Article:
The pair also switched from using tap water in their recipe to natural soft spring water from the Peak District, sourced from close to Buxton on the edge of the Derbyshire border. The effect of this was to deliver a transformative smooth finish to the product now known as Forest Gin.

‘It’s the Peak District water which is the main thing that gives our gin that softness,’ said Karl.

Today these ingredients are ground by hand using a pestle and mortar, before being distilled. The alcohol vapour, obtained from organic grain spirit, and the oils from the botanicals then cool in a copper condenser. The resulting fragrant spirit is then blended with the spring water to produce the distinctively herbaceous craft gin.

Karl, who is a keen craft gin drinker, said: ‘At first it seemed such a small thing we were doing, making a recipe for ourselves, but we realised it was very good and started drinking it instead of our normal gins. We almost felt shy and sheepish about it but we started giving it to family and friends when they came round, and they pushed us into trying to sell it.’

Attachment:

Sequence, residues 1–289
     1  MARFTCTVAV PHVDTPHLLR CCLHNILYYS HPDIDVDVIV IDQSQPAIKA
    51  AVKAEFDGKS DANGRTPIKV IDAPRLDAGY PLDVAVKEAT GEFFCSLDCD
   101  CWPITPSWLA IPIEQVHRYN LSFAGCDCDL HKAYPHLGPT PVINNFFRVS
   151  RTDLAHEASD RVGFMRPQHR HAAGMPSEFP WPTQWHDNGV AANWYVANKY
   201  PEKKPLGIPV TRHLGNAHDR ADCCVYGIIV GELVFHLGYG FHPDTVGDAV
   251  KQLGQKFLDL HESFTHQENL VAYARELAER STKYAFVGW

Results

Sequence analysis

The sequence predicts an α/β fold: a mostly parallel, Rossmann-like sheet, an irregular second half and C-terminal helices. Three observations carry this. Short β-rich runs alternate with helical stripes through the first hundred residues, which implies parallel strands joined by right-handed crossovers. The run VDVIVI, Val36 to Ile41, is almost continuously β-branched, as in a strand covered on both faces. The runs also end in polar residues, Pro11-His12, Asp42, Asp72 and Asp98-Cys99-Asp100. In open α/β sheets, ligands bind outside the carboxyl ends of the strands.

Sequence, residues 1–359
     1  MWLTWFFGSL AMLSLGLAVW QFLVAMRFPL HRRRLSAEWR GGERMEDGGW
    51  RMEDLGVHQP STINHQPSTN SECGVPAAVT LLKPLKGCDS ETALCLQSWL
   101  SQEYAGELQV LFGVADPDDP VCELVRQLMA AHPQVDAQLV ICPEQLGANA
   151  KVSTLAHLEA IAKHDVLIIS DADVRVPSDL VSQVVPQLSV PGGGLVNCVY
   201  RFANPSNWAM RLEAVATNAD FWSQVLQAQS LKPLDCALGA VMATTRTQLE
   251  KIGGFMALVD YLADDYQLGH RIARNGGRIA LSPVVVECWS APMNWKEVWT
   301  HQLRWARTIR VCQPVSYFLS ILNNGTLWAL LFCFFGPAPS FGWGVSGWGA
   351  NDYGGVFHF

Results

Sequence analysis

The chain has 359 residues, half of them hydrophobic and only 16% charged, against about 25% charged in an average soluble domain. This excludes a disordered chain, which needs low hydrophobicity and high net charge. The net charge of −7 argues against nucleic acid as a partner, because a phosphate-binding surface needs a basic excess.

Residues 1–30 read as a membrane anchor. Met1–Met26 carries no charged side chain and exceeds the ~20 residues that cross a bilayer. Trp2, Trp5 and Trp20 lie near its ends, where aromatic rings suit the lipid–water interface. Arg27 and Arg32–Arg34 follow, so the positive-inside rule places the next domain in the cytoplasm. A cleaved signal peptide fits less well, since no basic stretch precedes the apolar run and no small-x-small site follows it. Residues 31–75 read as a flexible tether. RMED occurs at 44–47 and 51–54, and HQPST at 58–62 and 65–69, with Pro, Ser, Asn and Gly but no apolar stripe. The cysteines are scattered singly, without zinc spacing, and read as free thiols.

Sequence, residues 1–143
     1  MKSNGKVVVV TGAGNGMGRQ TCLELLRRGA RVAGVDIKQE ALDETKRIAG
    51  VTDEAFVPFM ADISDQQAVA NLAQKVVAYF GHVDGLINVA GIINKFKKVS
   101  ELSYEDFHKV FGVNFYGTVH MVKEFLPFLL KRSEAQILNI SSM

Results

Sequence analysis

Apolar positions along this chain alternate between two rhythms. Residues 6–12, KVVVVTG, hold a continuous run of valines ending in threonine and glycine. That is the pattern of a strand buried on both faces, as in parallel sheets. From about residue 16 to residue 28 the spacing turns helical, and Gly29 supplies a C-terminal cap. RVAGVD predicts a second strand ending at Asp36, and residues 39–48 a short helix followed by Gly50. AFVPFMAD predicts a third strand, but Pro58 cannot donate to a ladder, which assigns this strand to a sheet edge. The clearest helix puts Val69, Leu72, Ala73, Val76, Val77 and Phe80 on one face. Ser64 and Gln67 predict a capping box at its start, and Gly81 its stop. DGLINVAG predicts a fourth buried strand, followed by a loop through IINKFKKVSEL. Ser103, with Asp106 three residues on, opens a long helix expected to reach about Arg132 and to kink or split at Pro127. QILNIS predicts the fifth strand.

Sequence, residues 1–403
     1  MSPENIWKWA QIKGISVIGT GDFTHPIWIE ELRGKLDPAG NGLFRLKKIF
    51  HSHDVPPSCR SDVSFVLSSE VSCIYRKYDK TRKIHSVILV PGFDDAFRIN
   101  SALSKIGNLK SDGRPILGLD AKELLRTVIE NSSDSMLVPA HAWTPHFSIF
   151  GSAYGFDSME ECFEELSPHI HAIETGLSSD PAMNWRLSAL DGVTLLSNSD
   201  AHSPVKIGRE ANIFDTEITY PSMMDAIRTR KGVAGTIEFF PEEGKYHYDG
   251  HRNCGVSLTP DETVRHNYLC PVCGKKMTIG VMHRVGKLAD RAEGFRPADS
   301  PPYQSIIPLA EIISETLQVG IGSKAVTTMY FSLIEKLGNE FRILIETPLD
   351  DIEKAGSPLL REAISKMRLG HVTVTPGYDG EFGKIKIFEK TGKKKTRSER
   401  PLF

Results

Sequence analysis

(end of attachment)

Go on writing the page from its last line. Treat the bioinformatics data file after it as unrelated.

In the early days of developing his premium artisan London Dry Gin Karl was still working full time with a long daily commute to Rochdale but on an evening began studying how to set up a business, investigating bottling, trademarks and logos.

There were errors along the way. On Christmas Eve 2014 a delivery of a palette of bottles arrived at their modestly-sized house. ‘We had no idea how big a palette was and a truck pulled up. I was at work and my wife and my sister had to carry 1,500 porcelain bottles into the house. It was so stupid. We hadn’t even thought where we were going to store them.’